Do You Have to Have a Beneficiary for a Checking Account?

By Teo Spengler

In recent years, many banks and other financial institutions have begun to offer depositors the chance to transform a checking account into a payable-on-death (POD) account by naming a beneficiary. While the practice has advantages and disadvantages, it is not mandatory. No law requires a checking account holder to name a beneficiary.

Passing With Estate

Even if you only keep enough in your checking account to pay this month's bills, the money is your property and, if you die, passes to your beneficiaries. Generally, bank accounts are part of the estate of a deceased. That means that if you have a will, the money passes to the beneficiaries you name in the will. If you have no will, it passes with the rest of your estate to close family members under the state's intestate laws.

Passing Under Beneficiary Designation

If you accept the bank's offer to name a beneficiary to whom your funds pass on your death, the amount in your checking account does not become part of your estate. Instead, it passes directly to the person named. While this is an easy way to designate a beneficiary, it also is easy to forget to update the beneficiary form after important life events like a marriage, divorce or the birth of a child.

Divorce is never easy, but we can help. Learn More
Divorce is never easy, but we can help. Learn More
How to Retitle an IRA When a Successor Beneficiary Inherits the IRA
 

References

Resources

Related articles

How Does an Estate Treat an IRA?

An IRA is a unique creature when it comes to an estate inheriting the IRA or having to pass it along to beneficiaries. If the IRA names a beneficiary, the estate can simply pass along ownership of the account. However, if the decedent didn't name a beneficiary, the tax rules are more complicated.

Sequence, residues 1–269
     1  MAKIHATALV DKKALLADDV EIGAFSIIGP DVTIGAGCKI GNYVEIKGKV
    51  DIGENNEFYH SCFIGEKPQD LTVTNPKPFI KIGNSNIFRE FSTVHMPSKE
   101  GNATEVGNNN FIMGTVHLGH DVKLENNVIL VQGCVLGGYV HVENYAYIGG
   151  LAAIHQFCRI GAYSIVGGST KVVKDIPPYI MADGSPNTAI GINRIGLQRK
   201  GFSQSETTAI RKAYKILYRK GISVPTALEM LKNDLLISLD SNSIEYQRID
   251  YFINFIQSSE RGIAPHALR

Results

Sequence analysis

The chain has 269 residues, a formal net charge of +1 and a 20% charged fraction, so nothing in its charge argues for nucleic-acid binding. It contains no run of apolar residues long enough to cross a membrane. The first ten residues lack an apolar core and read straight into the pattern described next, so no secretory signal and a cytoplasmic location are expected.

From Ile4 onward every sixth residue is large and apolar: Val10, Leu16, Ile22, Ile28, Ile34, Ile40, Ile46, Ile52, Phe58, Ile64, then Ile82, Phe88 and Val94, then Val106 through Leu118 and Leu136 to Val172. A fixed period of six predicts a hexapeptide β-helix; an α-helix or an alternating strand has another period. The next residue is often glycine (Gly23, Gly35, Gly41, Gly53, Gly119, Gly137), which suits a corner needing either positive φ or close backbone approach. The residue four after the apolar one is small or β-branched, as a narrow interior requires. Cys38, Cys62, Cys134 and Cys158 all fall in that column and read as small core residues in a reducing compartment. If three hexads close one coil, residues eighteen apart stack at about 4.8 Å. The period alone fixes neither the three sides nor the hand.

Do IRAs Override a Last Will & Testament?

The beneficiary form you complete when you open an IRA is like a “mini-will” for your retirement account. Because your IRA comes with its own built-in beneficiary, it doesn’t need to pass to beneficiaries through your will; it goes directly to the named beneficiary and bypasses the probate process. Failure to name or update a beneficiary can have severe financial consequences for those who eventually end up owning the IRA.

Can a Revocable Trust Be the Beneficiary of a Personal Bank Account?

Beneficiaries are those who inherit accounts or receive assets when you die. When you name a beneficiary, you give that individual or entity a legal claim that overrides anything you've set out in a will. You also allow the beneficiary to avoid the whims, costs and delays of a probate court proceeding. Beneficiary designations must be handled with care, and a regular review of who is supposed to get what, and when, is a smart financial play.

Get Divorced Online

Related articles

No Beneficiary Life Insurance Laws in Ohio

There’s no law that says you must name a beneficiary on your life insurance policy, but if you don’t, state law can get ...

Is Life Insurance Part of an Estate If Not Listed in a Will?

Life insurance is only part of an estate if the policy is not left to a designated beneficiary. It does not matter if ...

What Is the Law for Beneficiary Designation for Bank Accounts?

Planning for distribution of your assets after your death can be a complex and confusing process. Naming beneficiaries ...

Transfer on Death Vs. Beneficiary

It can take years to settle a decedent’s estate through probate, and the executor usually can’t transfer any of the ...

Browse by category
Ready to Begin? GET STARTED